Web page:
Wednesday, May 28, 2014



Ever had one of those moments? You’re joyfully humming along to a song, but you can't remember its name. Why is the title slipping your mind?

A University of Iowa study suggests that it could be more than simple forgetfulness. It could be due to damage to the brain’s left temporal pole. Damage to this region, the study says, is associated with difficulty in remembering the titles for songs, famous or otherwise. Previous research has shown the left temporal pole is important for recalling proper names, including names of famous people and landmarks. The UI study advances that knowledge, because it is believed to be the first to address musical melodies. While faces and landmarks are visual stimuli, musical melodies are auditory.

“The left temporal lobe is a convergence zone that is not devoted to a single stimulus modality,” says Amy Belfi, a graduate student in neuroscience at the UI and first author on the paper, published this month in the print edition of the journal Neuropsychology. “This finding supports the theory that the area is an important region for naming unique items, regardless of stimulus modality.”

Belfi and her mentor, UI neurology professor Daniel Tranel, who has a joint appointment in the UI Carver College of Medicine and in the College of Liberal Arts and Sciences Department of Psychology, enlisted 30 participants from the Iowa Neurological Patient Registry in a “famous melodies naming task.” The participants were further divided into 10 patients with left temporal lobe (LTP) damage, 10 brain damaged comparison patients, and 10 participants with no brain damage.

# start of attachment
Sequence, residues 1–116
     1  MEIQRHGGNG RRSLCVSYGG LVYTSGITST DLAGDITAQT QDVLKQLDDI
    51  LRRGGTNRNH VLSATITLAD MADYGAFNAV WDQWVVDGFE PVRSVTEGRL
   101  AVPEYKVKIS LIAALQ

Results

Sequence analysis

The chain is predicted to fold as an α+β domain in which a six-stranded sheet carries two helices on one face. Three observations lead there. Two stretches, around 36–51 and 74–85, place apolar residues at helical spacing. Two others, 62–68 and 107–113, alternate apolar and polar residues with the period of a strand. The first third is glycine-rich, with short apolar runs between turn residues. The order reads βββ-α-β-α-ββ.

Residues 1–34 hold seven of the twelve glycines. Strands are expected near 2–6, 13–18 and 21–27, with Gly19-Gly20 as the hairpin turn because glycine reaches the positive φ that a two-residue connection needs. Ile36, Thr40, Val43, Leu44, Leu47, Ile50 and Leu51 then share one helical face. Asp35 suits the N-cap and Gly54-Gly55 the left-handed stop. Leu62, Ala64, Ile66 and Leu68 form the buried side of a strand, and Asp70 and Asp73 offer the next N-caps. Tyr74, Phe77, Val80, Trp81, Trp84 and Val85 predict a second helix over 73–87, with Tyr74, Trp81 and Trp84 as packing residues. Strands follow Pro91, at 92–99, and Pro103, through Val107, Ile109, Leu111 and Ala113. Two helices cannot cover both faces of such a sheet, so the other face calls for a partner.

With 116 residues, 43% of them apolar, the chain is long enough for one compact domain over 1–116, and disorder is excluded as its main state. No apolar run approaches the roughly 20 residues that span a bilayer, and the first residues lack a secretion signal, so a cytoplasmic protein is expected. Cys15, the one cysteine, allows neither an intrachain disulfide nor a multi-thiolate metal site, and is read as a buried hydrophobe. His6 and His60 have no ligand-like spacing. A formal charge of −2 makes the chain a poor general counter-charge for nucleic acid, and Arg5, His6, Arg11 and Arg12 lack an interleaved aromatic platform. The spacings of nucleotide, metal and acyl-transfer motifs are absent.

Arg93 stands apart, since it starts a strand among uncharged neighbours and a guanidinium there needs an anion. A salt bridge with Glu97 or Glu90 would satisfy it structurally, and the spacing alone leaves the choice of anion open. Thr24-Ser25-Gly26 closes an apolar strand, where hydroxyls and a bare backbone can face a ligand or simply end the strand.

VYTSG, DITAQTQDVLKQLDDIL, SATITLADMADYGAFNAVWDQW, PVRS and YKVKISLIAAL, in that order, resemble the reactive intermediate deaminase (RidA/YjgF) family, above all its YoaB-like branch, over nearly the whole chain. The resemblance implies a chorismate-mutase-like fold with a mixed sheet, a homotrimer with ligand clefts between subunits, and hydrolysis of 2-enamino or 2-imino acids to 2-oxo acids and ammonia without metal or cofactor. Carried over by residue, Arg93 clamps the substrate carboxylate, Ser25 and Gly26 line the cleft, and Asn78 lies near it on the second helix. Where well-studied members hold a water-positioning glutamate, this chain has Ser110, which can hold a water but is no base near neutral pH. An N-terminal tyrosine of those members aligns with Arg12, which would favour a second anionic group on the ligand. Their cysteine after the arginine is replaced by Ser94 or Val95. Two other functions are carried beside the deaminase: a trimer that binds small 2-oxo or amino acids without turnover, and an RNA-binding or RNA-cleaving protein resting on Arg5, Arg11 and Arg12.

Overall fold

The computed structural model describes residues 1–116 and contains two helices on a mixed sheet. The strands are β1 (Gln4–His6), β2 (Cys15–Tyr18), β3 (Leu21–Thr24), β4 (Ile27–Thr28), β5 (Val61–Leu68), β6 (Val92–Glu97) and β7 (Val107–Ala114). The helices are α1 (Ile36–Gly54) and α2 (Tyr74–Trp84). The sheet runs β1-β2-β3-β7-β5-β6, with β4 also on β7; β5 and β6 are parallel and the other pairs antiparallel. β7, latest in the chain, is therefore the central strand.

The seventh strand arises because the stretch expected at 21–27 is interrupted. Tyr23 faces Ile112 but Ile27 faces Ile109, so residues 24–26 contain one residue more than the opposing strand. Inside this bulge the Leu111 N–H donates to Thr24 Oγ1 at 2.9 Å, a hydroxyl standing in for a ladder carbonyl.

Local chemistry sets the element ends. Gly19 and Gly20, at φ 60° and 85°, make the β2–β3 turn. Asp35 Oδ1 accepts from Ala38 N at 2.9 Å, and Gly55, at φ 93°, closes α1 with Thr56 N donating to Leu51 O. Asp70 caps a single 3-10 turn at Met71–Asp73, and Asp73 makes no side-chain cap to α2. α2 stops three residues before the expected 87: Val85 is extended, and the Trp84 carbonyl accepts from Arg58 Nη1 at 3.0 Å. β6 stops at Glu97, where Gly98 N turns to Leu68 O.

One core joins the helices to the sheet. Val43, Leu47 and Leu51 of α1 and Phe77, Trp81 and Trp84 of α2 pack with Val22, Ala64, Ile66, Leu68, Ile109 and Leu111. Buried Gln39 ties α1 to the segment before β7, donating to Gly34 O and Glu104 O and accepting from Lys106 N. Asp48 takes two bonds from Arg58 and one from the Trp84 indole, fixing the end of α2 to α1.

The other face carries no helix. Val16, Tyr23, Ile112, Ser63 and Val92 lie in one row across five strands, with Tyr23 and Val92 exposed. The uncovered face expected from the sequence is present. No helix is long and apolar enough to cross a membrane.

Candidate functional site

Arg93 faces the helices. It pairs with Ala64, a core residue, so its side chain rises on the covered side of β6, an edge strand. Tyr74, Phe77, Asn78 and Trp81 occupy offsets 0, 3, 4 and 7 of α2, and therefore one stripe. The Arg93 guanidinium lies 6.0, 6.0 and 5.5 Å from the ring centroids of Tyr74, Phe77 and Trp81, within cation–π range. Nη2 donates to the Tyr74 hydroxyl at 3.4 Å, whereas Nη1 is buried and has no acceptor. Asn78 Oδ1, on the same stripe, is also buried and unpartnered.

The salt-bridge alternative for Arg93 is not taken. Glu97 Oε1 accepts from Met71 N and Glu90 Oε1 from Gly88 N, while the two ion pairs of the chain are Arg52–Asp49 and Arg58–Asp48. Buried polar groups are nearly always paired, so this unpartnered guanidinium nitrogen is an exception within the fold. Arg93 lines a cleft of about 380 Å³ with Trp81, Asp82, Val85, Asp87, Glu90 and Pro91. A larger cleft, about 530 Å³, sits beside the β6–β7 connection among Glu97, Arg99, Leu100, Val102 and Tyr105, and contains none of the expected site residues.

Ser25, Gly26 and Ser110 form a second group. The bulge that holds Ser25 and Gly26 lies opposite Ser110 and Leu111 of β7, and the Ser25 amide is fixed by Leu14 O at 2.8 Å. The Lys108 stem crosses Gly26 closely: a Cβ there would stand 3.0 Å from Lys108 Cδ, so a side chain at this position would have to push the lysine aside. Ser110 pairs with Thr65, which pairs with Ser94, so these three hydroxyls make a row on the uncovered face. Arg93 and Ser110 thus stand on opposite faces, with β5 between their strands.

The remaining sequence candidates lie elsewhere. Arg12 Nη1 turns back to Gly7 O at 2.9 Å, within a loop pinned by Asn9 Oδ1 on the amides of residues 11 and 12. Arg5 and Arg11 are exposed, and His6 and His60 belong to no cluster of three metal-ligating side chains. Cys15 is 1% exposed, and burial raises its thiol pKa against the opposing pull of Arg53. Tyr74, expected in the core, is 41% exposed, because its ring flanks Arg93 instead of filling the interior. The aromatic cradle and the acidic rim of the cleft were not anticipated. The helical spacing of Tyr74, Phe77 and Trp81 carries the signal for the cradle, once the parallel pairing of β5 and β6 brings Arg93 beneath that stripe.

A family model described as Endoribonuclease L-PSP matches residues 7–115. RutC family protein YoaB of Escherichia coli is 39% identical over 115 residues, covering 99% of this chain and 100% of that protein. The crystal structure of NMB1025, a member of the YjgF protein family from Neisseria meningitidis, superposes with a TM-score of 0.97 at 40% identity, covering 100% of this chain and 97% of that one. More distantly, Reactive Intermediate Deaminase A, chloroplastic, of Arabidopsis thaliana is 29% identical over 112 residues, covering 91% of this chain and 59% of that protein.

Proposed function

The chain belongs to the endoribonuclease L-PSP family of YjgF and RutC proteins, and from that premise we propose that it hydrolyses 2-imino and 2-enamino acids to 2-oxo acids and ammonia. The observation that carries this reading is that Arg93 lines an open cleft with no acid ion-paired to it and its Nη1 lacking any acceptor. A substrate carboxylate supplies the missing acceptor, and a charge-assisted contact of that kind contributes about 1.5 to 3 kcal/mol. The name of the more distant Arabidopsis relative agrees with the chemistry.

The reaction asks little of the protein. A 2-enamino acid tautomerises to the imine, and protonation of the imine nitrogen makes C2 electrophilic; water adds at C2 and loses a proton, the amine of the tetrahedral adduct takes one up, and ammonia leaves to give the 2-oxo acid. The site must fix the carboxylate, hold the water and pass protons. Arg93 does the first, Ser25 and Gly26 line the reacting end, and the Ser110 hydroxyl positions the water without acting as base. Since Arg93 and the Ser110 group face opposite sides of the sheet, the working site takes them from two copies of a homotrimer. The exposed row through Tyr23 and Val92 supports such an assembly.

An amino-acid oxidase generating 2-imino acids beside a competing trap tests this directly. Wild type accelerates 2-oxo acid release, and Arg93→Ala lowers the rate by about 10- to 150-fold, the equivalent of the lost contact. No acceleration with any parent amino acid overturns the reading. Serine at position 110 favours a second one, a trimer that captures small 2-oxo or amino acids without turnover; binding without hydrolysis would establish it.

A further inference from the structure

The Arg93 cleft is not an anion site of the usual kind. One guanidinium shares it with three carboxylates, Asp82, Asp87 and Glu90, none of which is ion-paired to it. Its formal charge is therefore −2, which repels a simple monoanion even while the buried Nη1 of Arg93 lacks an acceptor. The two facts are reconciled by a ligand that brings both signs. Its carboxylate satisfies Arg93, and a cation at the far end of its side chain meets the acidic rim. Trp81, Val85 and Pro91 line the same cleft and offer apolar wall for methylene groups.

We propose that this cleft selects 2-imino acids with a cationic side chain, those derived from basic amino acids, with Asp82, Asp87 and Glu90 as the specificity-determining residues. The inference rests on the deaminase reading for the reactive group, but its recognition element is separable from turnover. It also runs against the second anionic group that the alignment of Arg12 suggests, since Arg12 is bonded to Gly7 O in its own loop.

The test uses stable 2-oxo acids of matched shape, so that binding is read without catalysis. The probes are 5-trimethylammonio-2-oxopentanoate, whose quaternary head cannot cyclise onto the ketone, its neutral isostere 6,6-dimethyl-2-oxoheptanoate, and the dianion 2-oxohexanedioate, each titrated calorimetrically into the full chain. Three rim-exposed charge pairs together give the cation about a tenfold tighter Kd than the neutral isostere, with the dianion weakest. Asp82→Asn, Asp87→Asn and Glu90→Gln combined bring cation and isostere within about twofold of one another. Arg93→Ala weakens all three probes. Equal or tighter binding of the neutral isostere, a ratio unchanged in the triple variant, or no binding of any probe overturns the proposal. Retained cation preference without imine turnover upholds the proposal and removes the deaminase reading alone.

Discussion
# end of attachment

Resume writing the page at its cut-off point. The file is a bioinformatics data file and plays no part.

The task included listening to 52 famous melodies—some with and some without lyrics—ranging from 8-15 seconds in duration. After hearing each melody, participants were asked to rate their familiarity with the melody and identify it by name. Participants heard songs like “Pop Goes the Weasel” and “Somewhere Over the Rainbow.”

LTP patients named significantly fewer melodies than brain damaged comparison patients and the control group. Overall, LTP patients named approximately 50 percent of the melodies correctly, while comparison participants correctly named approximately 80 percent of the melodies.

Recognition of melodies did not differ significantly between groups. Recognition of the song is different from remembering its title; the former refers to information that confers knowing, while the latter refers to a proper name, the UI researchers note.

The researchers also contend that recalling names ­– especially proper names – is difficult, because there is only one right answer. Recognizing something—such as a melody—is easier, because it is more general, and the brain can draw upon other avenues to come up with the right answer.

“LTP patients would recite the lyrics of the song, but had no idea the name of the song,” says Belfi, a Presidential Graduate Research Fellow in the UI’s Graduate College. “I expected a deficit, but I wouldn’t have been entirely surprised if there wasn’t one. Music transcends what we know about the brain. People who stutter can often sing without a deficit.”

The group plans to further its work using melody and song-title recognition to investigate which brain regions are associated with isolated deficits in melody recognition. These deficits could be independent of naming defects.

“We’re going to study patients with damage to the right temporal lobe, with the expectation that they might not recognize the melodies,” Belfi says.

The National Institute of Neurological Disorders and Stroke (grant number: (P01 NS19632) funded the study, which was first published online in December.